The Lyrics of the Beautiful song "Somewhere Over The Rainbow"

From the Hit Musical Fantasy "The Wizard Of Oz" released on August 25, 1939 (USA)



The Song Writers were influenced by Nazi Maltreatment of Jewish People.
Further explanation follows below after the four photos.





Cowardly Lion (wants courage), Tin Man (missing a heart), Dorothy's dog Toto, Scarecrow (needs a brain)




"Wizard of OZ"

A tornado rips through Kansas, Dorothy and Toto are wisked away in their house
to the Magical land of Oz. They follow the yellow Brick Road to meet the Wizard.
Along the way, they meet a Scarecrow, then a Tin Man, and then a Cowardly Lion.
The Wizard asks the group to bring him the Broom of the Wicked Witch (Margret
Hamilton) to earn the Wizard's help in getting back to Kansas.

At the 2014 Oscars, they celebrated the 75th anniversary of the release of the
"Wizard of Oz" by having Pink sing "Over the Rainbow", but what few people realized
while listening to that incredible performer singing that unforgettable song, is that
the music is deeply embedded in the Jewish experience.

But perhaps the most poignant song emerging out of the mass exodus from Europe
was "Over the Rainbow". The lyrics were written by the youngest of four children born
to Russian Jewish immigrants. He grew up in a Yiddish speaking, Orthodox Jewish home
in New York. The music was written by a Cantor's son.

In writing it, the two men reached deep into their immigrant Jewish consciousness - framed
by the pogroms (organized masssacre of a minority group) of the past and the Holocaust about
to happen - and wrote an unforgettable melody set to near prophetic words.

Read the lyrics in their Jewish context and suddenly the words are no longer about Wizards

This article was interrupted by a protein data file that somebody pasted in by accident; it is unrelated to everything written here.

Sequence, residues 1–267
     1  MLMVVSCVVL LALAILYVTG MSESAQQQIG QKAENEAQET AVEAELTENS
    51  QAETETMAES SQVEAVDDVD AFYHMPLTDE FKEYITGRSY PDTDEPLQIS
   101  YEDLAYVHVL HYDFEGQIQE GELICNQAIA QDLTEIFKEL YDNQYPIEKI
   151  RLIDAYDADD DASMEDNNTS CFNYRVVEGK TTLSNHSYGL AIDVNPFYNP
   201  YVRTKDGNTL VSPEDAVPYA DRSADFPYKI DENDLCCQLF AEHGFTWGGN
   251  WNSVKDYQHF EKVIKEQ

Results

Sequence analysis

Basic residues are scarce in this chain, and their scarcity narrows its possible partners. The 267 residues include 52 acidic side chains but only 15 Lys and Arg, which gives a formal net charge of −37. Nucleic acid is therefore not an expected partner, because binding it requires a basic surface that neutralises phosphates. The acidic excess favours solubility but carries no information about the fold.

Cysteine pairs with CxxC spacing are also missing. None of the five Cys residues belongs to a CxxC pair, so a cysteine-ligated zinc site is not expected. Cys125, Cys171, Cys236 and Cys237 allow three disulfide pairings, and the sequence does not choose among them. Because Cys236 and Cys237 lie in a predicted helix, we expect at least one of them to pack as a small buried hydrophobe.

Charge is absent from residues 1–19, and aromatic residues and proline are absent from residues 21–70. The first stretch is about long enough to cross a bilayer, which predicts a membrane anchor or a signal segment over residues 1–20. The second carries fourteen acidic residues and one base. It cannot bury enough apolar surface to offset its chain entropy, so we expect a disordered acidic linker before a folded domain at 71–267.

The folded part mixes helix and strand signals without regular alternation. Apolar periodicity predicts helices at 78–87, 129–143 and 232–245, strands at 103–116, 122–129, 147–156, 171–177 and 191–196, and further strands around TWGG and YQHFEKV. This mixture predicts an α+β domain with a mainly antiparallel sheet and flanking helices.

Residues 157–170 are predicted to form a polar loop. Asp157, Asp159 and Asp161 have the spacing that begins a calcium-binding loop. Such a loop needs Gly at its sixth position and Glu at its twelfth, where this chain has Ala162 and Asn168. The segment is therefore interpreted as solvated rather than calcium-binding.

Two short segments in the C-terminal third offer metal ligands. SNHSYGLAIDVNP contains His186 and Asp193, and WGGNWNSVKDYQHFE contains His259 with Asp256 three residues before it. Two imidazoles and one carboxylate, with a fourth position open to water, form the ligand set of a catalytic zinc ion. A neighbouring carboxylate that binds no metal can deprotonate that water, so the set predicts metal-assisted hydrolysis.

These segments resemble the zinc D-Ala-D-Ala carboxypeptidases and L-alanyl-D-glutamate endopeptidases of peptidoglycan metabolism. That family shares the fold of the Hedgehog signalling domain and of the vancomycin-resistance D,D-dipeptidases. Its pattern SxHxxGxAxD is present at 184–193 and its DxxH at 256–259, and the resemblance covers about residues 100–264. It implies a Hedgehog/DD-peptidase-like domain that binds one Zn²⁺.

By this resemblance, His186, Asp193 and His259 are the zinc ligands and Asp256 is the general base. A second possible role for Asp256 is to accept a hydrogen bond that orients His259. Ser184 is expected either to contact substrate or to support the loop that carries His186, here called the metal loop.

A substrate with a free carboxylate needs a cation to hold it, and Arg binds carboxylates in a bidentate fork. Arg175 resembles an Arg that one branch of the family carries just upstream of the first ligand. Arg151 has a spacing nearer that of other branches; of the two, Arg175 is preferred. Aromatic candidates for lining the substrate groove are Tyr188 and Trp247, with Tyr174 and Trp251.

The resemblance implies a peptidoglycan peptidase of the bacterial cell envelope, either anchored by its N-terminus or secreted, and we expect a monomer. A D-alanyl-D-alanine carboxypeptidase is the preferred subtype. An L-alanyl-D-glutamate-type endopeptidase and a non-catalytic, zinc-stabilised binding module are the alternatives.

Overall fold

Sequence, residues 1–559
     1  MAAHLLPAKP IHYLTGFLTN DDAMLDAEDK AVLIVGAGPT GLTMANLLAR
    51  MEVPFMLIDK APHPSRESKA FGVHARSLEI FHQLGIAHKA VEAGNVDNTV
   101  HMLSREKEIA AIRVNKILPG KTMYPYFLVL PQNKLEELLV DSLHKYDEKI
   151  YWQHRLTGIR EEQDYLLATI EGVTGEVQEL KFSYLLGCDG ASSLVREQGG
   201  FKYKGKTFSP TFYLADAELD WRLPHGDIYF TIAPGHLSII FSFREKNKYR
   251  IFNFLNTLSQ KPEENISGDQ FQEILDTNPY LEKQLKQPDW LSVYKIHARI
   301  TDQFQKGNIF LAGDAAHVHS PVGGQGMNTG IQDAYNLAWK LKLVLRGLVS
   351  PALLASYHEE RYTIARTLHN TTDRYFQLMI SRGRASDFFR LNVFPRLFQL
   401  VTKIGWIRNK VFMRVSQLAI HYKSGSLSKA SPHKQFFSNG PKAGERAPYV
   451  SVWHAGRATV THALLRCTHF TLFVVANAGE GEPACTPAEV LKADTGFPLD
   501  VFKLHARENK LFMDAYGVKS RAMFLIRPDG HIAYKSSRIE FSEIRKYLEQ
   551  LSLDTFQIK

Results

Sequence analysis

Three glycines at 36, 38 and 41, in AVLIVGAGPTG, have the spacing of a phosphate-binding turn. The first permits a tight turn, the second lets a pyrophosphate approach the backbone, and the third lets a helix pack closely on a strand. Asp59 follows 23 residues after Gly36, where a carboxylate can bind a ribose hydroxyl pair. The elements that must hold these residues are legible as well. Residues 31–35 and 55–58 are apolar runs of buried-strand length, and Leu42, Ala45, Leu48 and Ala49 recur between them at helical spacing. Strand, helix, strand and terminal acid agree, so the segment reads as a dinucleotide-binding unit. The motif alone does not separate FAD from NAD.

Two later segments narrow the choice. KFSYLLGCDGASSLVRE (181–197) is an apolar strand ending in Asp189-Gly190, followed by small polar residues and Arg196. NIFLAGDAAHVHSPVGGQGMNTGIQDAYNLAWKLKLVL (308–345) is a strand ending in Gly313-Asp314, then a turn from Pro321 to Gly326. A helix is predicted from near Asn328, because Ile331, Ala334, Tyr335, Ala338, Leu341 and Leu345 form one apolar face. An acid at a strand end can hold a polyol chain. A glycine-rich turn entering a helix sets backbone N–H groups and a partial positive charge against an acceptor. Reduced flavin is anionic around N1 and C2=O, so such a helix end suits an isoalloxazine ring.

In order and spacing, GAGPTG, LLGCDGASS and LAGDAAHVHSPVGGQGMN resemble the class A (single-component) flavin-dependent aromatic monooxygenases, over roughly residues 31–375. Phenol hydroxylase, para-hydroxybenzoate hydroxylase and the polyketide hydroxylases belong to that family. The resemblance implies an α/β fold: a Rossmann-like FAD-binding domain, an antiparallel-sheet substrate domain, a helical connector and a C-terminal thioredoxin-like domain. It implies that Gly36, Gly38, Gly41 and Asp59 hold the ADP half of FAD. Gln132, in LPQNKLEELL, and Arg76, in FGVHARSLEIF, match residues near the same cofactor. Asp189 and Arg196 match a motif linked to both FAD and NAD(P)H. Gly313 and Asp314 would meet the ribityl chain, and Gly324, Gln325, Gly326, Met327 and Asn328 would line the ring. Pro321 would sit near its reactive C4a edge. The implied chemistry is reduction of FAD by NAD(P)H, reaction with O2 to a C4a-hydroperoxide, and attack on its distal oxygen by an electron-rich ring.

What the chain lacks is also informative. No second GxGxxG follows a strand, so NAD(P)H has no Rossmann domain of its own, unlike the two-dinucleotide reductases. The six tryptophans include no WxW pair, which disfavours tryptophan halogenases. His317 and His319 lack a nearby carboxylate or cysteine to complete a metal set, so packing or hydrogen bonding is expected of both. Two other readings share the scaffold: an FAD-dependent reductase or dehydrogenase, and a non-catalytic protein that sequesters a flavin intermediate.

and Oz, but about Jewish survival.
The Lyrics of "Over the Rainbow":

Somewhere over the rainbow
Way up high,
There's a land that I heard of
Once in a lullaby.
Somewhere over the rainbow
Skies are blue,
And the dreams that you dare to dream
Really do come true.
Someday I'll wish upon a star
And wake up where the clouds are
far behind me.
Where troubles melt like lemon drops
Away above the chimney tops
That's where you'll find me.
Somewhere over the rainbow
Bluebirds fly.
Birds fly over the rainbow.
Why then, oh why can't I?
If happy little bluebirds fly
Beyond the rainbow
Why, oh why can't I?

End of Lyrics.

The Jews of Europe could not fly. They could not escape beyond the rainbow. The writer was
was almost prescient when he talked about wanting to fly like a bluebird away from the
"chimney tops". In the post-Auschwitz era, chimney tops have taken on a whole different meaning
than the one they had at the beginning of 1939.

The irony is for two thousand years, the land that the Jews heard of "once in a lullaby" was not
America, but Israel. The remarkable thing would be that less than ten years after "Over the
Rainbow" was first published, the exile was over and the State of Israel was reborn.

Perhaps the "dreams that you dare to dream really do come true."

Note: This article is by Courtesy of Mr. Joe Sikora, a fellow retiree (and friend for several decades) who emailed me a text version. You are Welcome to Forward this Article or address to others as well. God Bless America, hmf.




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